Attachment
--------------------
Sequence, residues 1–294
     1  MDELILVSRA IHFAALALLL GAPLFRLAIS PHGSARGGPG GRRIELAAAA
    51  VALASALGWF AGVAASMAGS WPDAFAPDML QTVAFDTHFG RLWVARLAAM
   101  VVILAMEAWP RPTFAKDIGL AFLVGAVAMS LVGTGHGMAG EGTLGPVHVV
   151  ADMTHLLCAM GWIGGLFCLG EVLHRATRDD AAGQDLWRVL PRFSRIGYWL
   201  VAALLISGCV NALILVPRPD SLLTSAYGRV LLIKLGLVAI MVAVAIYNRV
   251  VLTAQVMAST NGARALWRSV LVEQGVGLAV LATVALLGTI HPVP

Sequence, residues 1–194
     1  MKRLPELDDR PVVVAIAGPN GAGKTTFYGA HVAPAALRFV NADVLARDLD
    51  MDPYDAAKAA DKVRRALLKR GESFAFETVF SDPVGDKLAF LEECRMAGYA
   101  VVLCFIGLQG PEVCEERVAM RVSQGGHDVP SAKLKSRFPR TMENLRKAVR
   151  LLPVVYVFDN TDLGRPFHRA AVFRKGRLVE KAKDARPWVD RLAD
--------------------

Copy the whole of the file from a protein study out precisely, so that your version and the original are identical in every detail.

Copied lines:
Sequence, residues 1–294
     1  MDELILVSRA IHFAALALLL GAPLFRLAIS PHGSARGGPG GRRIELAAAA
    51  VALASALGWF AGVAASMAGS WPDAFAPDML QTVAFDTHFG RLWVARLAAM
   101  VVILAMEAWP RPTFAKDIGL AFLVGAVAMS LVGTGHGMAG EGTLGPVHVV
   151  ADMTHLLCAM GWIGGLFCLG EVLHRATRDD AAGQDLWRVL PRFSRIGYWL
   201  VAALLISGCV NALILVPRPD SLLTSAYGRV LLIKLGLVAI MVAVAIYNRV
   251  VLTAQVMAST NGARALWRSV LVEQGVGLAV LATVALLGTI HPVP

Sequence, residues 1–194
     1  MKRLPELDDR PVVVAIAGPN GAGKTTFYGA HVAPAALRFV NADVLARDLD
    51  MDPYDAAKAA DKVRRALLKR GESFAFETVF SDPVGDKLAF LEECRMAGYA
   101  VVLCFIGLQG PEVCEERVAM RVSQGGHDVP SAKLKSRFPR TMENLRKAVR
   151  LLPVVYVFDN TDLGRPFHRA AVFRKGRLVE KAKDARPWVD RLAD